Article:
Second: Want to know the easiest way to change your weak passwords to strong ones? Tell the websites that you forgot your password. Most of them will email you a link offering to reset your password. Use that link, and then use 1Password's Strong Password Generator to create a new password for that site. This is much easier than actually trying to figure out where each site has hidden their setting for changing your password.
Third: You'll be amazed how many sites have restrictions on password criteria, but they don't tell you until you've tried to make a password that didn't fit their criteria. Some require special characters beyond a-z/0-9, and some will only let you use a-z/0-9. Some won't allow you to create passwords beyond a certain length. It seems 20 characters is a common threshold, but some are 16 or less. At least one site would not let me set a password longer than 8 characters, and one required that the password was a 4 digit number. Here are the Strong Password Generator settings that I recommend:
- Length of 19 characters
- Under "Random" move the "Digits" slider to 5 and the "Symbols" slider to 5
- Check the box next to "Avoid ambiguous characters" (you may find that you need to manually type passwords at times, and it's a pain to have to guess if something is a "0" or an "O" etc)
Speaking of the Strong Password Generator, the "Where" field is usually, in my opinion, overly specific. This is where 1Password stores the URL for this username/password information, and by default, it will save the entire URL, but I always manually edit that field so that it includes only the domain name. Why? Because while you may be creating a password at http://twitter.com/settings/password, you will want to use that password on any page at http://twitter.com/ that offers a login field.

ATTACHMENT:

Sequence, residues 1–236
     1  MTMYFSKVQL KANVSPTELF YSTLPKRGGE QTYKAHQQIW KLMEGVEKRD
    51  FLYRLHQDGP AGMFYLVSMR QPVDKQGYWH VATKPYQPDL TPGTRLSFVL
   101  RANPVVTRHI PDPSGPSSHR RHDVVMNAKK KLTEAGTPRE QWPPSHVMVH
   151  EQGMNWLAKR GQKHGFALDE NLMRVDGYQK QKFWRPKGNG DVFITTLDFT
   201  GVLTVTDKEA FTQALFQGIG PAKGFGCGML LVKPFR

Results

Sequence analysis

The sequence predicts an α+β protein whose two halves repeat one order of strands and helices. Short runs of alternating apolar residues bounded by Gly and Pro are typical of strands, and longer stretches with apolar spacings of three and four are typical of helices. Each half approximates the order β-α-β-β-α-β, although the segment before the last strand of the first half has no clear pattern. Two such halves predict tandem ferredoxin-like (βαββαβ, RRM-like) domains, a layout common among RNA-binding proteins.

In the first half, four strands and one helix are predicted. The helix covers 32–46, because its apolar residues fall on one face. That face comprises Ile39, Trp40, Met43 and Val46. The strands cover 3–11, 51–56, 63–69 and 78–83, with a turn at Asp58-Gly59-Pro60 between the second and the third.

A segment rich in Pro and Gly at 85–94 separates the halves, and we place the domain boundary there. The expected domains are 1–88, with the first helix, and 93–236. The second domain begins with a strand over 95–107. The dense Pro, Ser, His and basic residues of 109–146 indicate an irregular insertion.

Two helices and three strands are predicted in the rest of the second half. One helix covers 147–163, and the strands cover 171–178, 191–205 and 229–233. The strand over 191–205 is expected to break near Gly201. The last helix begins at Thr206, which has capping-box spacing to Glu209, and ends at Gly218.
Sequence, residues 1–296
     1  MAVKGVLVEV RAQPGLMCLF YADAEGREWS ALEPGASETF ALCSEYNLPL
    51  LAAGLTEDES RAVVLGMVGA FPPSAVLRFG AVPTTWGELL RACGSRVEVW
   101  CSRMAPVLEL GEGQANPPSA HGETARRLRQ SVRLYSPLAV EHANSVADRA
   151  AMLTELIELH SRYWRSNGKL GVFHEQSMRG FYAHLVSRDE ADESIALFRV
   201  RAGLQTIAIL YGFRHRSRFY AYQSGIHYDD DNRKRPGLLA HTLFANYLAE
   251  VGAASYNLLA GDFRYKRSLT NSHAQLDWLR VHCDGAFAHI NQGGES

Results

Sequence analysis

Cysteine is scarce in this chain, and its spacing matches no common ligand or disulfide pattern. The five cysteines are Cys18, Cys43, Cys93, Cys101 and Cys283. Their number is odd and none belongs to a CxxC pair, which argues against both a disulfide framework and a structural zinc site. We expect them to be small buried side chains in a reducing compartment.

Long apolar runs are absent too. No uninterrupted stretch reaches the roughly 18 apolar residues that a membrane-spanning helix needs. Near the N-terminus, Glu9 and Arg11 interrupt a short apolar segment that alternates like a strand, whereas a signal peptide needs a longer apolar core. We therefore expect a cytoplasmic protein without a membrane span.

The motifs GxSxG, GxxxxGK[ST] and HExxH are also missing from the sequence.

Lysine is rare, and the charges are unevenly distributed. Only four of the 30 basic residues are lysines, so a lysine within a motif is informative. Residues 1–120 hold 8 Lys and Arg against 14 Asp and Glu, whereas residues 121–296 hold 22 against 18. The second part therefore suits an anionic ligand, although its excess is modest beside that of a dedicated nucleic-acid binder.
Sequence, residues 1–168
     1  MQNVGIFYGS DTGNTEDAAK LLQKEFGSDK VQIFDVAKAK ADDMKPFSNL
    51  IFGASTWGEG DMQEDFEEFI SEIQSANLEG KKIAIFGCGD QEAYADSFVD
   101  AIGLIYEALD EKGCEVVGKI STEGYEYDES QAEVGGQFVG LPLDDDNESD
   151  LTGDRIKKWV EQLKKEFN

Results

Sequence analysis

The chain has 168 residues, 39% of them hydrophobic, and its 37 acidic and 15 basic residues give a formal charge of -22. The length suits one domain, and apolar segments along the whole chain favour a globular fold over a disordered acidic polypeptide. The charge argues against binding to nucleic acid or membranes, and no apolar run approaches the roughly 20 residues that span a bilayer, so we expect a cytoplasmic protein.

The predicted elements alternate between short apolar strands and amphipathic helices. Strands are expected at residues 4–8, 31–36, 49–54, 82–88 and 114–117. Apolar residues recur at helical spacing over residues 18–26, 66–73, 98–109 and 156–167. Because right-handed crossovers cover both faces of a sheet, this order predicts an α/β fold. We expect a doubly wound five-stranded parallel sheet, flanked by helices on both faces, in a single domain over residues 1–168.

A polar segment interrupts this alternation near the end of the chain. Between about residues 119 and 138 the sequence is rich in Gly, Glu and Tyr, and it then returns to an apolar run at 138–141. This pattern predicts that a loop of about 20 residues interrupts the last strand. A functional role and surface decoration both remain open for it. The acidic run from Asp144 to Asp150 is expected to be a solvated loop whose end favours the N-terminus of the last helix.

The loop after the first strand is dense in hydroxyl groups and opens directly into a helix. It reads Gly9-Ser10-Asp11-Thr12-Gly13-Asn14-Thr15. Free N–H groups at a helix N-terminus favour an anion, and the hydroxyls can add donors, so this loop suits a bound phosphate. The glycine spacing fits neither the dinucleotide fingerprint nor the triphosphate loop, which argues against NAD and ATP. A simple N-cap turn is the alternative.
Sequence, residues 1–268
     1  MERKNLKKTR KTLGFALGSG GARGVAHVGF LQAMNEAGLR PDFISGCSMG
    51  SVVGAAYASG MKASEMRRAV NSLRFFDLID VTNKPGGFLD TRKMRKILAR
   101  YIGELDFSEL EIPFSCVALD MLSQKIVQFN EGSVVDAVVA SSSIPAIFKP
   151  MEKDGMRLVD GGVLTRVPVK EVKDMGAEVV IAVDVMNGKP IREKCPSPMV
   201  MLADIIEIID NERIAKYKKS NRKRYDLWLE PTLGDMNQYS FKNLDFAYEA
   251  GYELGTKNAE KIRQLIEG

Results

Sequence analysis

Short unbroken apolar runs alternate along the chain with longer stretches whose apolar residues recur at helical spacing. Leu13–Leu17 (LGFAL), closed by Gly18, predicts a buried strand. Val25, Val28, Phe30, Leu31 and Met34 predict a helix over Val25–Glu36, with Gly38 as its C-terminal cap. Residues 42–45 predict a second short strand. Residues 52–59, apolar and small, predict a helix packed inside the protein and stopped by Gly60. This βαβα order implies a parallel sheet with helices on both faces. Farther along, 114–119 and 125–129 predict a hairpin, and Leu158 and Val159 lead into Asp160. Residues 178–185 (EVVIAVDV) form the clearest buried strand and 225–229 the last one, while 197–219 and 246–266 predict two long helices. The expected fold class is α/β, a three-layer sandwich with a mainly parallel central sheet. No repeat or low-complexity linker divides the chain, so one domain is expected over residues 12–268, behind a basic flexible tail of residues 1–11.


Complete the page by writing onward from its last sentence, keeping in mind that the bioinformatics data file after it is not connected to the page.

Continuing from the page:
Fourth: There are some passwords that you may not want to be long and random. Some examples:
- iTunes: because you are going to have to enter that password on your iOS devices every time you buy or update apps
- Amazon.com: because you have to enter that whenever you want to see account information, even if you use the iOS devices
- MobileMe: The Find My iPhone app won't save your password, so any time you need to use it, you'll have to type it manually. Imagine that you're out with a friend and realize you've left your iPad somewhere. You could use her iPhone to locate your iPad using the Find My iPhone app, but only if you know your MobileMe password. Also, note that if you change your MobileMe password, you may have to resync all of your data, including your iDisk if you have it cached locally, on all of your computers and iOS devices.
- Dropbox: There are a bunch of iOS applications that sync or link to Dropbox, and just about every one of them will ask for you to enter your login information manually.
- Gmail or other webmail passwords: If you are at someone else's computer and want to check your email, it's nice to have a password you can remember.
Finally: Don't forget that, despite its name, 1Password stores more than passwords. You can also use it to store software registration information, autofill information, such as mailing addresses (you can define several, so you could have one for work and one for home, etc) and credit card information. It also allows you to make secure notes if you have other tidbits of information that you don't want floating around unencrypted on your hard drive.
As our friend Jim Dalrymple of The Loop recently discovered, once you "get" 1Password, it's a really great app. If you haven't checked it out, this is a good time to do so. 1Password is a big hit around the TUAW office as well.